Fields, like this one, across Union County are not as full as usual seasons. The wet spring has made planting difficult for local farmers.
(Journal-Tribune photo by Michael Williamson)
This farmer was photographed in a field off Route 736 near Kandel Road Friday.
(Journal-Tribune photo by Mac Cordell)
June has arrived but the month that marks the beginning of summer might have fields looking a little less green.
This spring, rain and severe weather have plagued Union County by creating flooding and oversaturating the sub-soil with rainwater, making planting season for local farmers a bit difficult.
“That’s all anybody is talking about,” said Wayne Dellinger, OSU agriculture and natural resources educator in the Union County extension office. “We should’ve had all our corn and soybeans in the ground by now.”
According to a report from the U.S. Department of Agriculture, around 60% of corn has been planted so far this season compared to more than 90% this time last year and for the last five years.
Weather has been so bad that many farmers haven’t been able to get into the fields let alone yield successful crops.
“We actually just passed one of our first milestones,” Dellinger said. “June 5 was the prevent plant date for corn.”
If farmers don’t have their corn in the ground by this date, they can file a claim with their crop insurance agent and get back a percentage of the total.
“For corn, the number is 55% of the initial insurance guarantee,” Dellinger said. “Farmers can plant up to 20 days passed that prevent plant date which will be to June 25. Beyond the date, they lose 1% a day.”
“That date was a big decision day for farmers and unfortunately, a lot of them didn’t get their crops in,” Dellinger said.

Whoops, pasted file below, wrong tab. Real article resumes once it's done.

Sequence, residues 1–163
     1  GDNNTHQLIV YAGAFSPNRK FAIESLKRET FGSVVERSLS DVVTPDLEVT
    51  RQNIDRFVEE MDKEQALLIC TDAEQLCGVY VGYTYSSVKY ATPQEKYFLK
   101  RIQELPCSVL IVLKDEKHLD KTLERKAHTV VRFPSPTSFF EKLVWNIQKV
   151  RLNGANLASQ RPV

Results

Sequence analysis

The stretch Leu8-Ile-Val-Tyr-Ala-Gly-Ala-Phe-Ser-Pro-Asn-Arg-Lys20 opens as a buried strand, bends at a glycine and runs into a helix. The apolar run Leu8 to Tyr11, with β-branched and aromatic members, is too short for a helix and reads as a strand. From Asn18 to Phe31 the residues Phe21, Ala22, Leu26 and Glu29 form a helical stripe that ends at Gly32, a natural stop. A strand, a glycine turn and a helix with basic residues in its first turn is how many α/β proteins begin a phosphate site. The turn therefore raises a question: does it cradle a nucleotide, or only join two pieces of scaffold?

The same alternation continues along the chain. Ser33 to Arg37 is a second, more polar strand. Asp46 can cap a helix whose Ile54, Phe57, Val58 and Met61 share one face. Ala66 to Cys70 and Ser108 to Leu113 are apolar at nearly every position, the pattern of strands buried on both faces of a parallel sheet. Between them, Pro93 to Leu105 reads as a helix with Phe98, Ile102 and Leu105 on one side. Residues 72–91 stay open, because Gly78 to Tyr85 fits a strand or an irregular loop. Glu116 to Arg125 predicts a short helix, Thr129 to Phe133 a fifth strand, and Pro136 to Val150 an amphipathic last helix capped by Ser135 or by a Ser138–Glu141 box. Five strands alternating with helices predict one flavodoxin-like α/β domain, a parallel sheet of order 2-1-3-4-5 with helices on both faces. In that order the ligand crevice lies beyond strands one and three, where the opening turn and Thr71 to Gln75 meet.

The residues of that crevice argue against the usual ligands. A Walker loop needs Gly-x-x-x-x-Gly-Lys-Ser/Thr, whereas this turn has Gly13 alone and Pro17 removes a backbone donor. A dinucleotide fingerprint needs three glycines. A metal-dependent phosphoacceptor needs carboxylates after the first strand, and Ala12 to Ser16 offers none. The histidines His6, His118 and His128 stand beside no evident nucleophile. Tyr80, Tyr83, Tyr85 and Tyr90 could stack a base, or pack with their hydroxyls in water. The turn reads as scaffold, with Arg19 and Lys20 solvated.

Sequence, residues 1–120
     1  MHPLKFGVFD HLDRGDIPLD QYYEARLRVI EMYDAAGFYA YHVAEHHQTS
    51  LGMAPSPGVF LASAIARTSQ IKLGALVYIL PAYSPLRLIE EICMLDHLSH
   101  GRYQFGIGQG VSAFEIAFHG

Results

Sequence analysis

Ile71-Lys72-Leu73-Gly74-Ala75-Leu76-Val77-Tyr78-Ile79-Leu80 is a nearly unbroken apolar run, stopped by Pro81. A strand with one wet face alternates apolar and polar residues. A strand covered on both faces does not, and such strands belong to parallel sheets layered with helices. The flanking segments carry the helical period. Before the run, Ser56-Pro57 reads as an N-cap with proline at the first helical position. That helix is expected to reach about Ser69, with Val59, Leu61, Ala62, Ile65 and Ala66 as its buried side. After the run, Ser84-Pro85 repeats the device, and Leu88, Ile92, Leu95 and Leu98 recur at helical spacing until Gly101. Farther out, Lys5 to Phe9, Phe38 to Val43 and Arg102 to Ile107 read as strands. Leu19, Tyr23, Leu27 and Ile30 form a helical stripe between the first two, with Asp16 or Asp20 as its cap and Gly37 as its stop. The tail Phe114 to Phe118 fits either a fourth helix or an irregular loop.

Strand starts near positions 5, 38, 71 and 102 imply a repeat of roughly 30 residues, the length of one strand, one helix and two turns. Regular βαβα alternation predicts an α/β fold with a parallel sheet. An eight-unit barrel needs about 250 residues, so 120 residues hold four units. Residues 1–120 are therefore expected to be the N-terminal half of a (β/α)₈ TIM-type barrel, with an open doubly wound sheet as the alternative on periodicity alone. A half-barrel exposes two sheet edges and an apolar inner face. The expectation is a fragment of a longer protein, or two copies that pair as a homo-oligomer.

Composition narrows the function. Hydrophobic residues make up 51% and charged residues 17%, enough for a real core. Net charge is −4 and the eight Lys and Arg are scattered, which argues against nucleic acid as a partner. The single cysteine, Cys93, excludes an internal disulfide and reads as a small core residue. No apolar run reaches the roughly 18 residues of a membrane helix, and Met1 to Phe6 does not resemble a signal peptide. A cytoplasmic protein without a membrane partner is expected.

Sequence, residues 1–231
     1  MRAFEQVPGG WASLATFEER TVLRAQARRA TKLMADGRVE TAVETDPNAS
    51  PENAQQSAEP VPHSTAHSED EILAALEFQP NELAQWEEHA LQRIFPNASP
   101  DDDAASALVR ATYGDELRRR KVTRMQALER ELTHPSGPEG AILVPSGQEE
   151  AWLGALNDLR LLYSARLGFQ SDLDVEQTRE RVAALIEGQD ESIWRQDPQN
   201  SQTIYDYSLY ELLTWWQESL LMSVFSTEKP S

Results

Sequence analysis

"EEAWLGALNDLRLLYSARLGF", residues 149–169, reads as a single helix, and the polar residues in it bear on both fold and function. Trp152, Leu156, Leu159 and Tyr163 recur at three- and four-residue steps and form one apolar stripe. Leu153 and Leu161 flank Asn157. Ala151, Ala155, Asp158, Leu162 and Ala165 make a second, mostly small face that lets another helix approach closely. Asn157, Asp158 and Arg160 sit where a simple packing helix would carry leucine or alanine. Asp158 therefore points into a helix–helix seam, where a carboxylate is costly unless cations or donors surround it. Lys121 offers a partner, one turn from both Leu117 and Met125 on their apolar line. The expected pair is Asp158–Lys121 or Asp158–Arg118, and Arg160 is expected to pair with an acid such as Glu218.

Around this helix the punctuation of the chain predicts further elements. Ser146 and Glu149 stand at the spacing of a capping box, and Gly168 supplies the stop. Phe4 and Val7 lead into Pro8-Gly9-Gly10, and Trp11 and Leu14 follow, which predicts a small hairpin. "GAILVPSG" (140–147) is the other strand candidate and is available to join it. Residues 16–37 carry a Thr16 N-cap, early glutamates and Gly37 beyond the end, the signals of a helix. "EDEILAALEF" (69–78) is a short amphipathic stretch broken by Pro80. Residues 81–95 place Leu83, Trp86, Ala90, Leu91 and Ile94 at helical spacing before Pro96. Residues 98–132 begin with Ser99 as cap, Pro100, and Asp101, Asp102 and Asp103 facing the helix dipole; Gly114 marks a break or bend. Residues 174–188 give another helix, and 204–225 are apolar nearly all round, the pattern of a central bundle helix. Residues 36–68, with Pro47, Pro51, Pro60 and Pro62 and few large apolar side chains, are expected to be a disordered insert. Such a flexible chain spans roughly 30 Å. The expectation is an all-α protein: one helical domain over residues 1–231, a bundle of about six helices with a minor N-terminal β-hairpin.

He added that Union County often appears to have two different climate paths from north to south. Whatever conditions are in the north, it’s sometimes the opposite in the south.
This season, farmers in the southern half of the county have gotten more crops in than those in the northern half, Dellinger said.
According to the National Oceanic and Atmospheric Association, Union County witnessed precipitation totals nearing 10 inches in the last month alone—much of it coming from the severe weather that hit during the month of May.
Much of county has seen upwards of 15-20 inches since the start of the year and many of the farmers are feeling the effects.
The wet weather leaves farmers with few options: they can decide not to plant, switch the acreage to a different crop or plant a cover crop.
“Unfortunately, we’re just at that place where time has kind of run out,” Dellinger said. “I know some farmers have gotten some work done earlier this week but even that is less than ideal conditions.”
He said even hay harvesting from the previous season is behind. “We should be well under way but it’s just not the case,” he added. “There are some corn plants around the county that are at about eight inches tall. Most of that went in before the weather.”
Although the prevent plant date for corn has gone by, the prevent plant day for soybeans is June 20.
That would give farmers until the beginning of July.
“You have to be optimistic,” Dellinger said. “It’s just the way the weather works sometimes.”
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